XII: ipsi tongue deviation and atrophy
Function of Hemispheres
Right Hemisphere
пЃ® judging the position of things in space
пЃ® knowing body position
пЃ® understanding and remembering things we do and see
пЃ® putting bits of information together to make an entire
picture
пЃ® controls the left side of the body
Left Hemisphere
пЃ® understanding and use of language (listening, reading,
speaking and writing)
пЃ® memory for spoken and written messages
пЃ® detailed analysis of information
пЃ® controls the right side of the body
Online references
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http://www.wisconline.com/objects/index_tj.asp?objid=OTA502
http://www.neuroskills.com/edu/ceufunction1.shtml
http://www.hopkinshospital.org/health_info/Neurolog
ical%20Diseases/Reading/brain_anatomy.html
http://training.seer.cancer.gov/ss_module00_bbt/unit0
2_sec04_c_brain.html
SAE
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Findings commonly seen after right
hemisphere stroke include
A)
Right hemiplegia
Aphasia
Visual-Perceptual deficits
Agraphia
B)
C)
D)
SAE
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Answer C
Strokes on nondominant hemisphere present
with contralateral hemiplegia and
hemianesthesia, aprosody (absence of normal
speech in pitch, rhythm, and variations in
stress), visual spatial deficit, and neglect
syndrome.
SAE
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A)
B)
C)
D)
In TBI, MRI is preferred to CT scan in the
Eval of acute brain injury
Detection of SAH
Detection of epidural hematomas
Eval of diffuse axonal injury
SAE
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Answer D
MRI is considered better than CT for
evaluating DAI. CT is superior to MRI for
detection of acute extra-axial hematomas, and
in the eval of acute brain injury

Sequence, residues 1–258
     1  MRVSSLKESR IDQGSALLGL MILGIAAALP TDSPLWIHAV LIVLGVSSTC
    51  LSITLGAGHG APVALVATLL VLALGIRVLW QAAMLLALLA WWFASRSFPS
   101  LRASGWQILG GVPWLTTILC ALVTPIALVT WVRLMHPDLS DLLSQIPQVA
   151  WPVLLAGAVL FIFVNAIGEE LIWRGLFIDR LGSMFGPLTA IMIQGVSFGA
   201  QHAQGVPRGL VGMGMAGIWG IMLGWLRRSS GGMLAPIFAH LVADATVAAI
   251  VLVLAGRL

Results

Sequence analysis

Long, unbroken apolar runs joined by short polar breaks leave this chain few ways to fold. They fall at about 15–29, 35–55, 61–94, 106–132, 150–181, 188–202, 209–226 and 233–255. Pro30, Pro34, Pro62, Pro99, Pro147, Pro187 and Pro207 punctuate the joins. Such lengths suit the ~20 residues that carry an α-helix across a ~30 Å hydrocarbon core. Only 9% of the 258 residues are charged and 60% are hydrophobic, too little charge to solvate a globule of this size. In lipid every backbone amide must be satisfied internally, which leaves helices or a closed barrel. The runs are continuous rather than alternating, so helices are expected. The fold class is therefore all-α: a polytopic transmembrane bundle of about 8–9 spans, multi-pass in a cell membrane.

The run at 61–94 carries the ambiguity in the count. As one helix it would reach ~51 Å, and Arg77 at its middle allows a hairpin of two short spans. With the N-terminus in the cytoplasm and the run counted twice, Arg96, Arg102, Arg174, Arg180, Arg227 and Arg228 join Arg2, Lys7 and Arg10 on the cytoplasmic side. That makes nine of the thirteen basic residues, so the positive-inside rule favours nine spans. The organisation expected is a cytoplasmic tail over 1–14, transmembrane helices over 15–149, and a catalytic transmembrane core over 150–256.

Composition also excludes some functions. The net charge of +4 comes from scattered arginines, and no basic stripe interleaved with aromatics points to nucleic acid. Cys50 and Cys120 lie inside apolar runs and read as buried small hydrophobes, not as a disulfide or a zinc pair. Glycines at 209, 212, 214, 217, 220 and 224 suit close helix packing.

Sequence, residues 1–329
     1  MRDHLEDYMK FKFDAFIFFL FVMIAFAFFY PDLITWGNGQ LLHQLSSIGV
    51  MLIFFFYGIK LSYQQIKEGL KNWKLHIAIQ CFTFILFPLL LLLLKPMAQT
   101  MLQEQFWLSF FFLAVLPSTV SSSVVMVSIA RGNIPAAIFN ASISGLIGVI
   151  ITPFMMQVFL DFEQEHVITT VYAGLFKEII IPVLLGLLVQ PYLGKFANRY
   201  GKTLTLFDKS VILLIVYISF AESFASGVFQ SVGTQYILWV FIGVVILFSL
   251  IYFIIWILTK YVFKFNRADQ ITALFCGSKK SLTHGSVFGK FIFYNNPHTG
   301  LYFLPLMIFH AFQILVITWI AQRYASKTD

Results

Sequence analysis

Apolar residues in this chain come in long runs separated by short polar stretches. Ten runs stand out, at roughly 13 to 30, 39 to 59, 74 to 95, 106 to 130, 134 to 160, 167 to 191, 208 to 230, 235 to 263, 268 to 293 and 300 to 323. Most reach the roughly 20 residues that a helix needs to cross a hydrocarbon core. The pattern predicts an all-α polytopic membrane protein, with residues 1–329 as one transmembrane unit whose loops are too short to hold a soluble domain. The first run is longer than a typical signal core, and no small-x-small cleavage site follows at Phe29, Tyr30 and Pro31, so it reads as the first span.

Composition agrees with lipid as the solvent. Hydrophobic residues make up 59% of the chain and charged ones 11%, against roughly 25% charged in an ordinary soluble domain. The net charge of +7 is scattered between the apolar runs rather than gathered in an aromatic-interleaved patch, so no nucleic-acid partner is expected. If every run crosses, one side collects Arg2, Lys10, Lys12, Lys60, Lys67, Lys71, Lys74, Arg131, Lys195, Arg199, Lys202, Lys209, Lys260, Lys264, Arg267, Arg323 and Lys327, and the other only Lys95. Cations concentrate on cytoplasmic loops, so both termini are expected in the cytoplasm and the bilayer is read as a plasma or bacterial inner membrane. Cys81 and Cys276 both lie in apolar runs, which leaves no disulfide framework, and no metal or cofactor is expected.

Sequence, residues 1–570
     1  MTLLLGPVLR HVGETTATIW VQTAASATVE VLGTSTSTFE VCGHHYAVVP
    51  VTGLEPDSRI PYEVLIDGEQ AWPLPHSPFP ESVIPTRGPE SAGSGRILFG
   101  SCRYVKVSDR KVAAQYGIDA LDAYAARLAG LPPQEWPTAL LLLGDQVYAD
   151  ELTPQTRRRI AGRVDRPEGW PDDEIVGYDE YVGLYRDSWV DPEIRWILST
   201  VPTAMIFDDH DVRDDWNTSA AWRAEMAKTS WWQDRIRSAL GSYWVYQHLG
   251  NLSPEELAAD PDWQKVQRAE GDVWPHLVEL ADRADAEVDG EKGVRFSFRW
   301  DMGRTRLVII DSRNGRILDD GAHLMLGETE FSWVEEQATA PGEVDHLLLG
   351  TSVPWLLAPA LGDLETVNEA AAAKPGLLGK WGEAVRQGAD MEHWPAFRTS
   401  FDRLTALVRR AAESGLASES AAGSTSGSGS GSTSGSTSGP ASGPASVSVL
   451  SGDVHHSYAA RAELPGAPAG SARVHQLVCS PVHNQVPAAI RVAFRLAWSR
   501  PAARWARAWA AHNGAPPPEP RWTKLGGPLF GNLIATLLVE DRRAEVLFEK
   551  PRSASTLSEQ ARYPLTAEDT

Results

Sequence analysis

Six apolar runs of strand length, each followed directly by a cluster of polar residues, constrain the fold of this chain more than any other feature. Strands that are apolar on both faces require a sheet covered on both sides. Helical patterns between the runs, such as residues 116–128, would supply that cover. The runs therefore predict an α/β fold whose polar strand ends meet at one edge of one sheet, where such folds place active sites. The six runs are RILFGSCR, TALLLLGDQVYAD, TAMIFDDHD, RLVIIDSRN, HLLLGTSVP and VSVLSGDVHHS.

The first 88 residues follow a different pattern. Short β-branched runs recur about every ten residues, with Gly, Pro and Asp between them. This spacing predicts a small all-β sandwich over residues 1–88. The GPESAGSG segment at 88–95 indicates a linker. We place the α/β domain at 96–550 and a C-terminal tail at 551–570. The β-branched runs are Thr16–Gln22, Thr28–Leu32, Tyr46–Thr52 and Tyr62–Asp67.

SAE
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A)
B)
C)
D)
E)
74 y/o woman has had a stroke with left
hemiparesis and left neglect. Muscle tone is
increased, and flexion contractures are beginning to
develop in her left elbow, wrist, and hand. Initial
intervention would be
Diazepam 2.5mg tid
Neurolytic block to median nerve
Botulinum toxin injection to forearm flexors
Static muscle stretch
Baclofen 5mg qid
SAE
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Answer D.
In treating spasticity, the approach with the
least possible adverse effects should be used
first. In this case, ROM, stretching, and
positioning with splints would be the initial
treatment.
SAE
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A)
B)
C)
D)
Following a head injury, a 35 y/o W presents with
vertigo. She reports a sensation of spinning
beginning several seconds after standing up radiply,
bending over, or rolling in bed. Symptoms lasts for
approx 30 sec. Exam is notable for nystagmus
during episodes of vertigo, normal extremity
coordination, and min increase in sway during
Romberg. Most likely dx is:
Benign positional vertigo
Cerebellar contusion
Unilateral vestibular paresis
Bilateral vestibular paresis
SAE
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Answer A.
BPV characterized by transient episodes of
vertigo precipitated by changes in position of
the head. Treatment involves psecific otolith
repositioning maneuver or seris of habituation
exercises.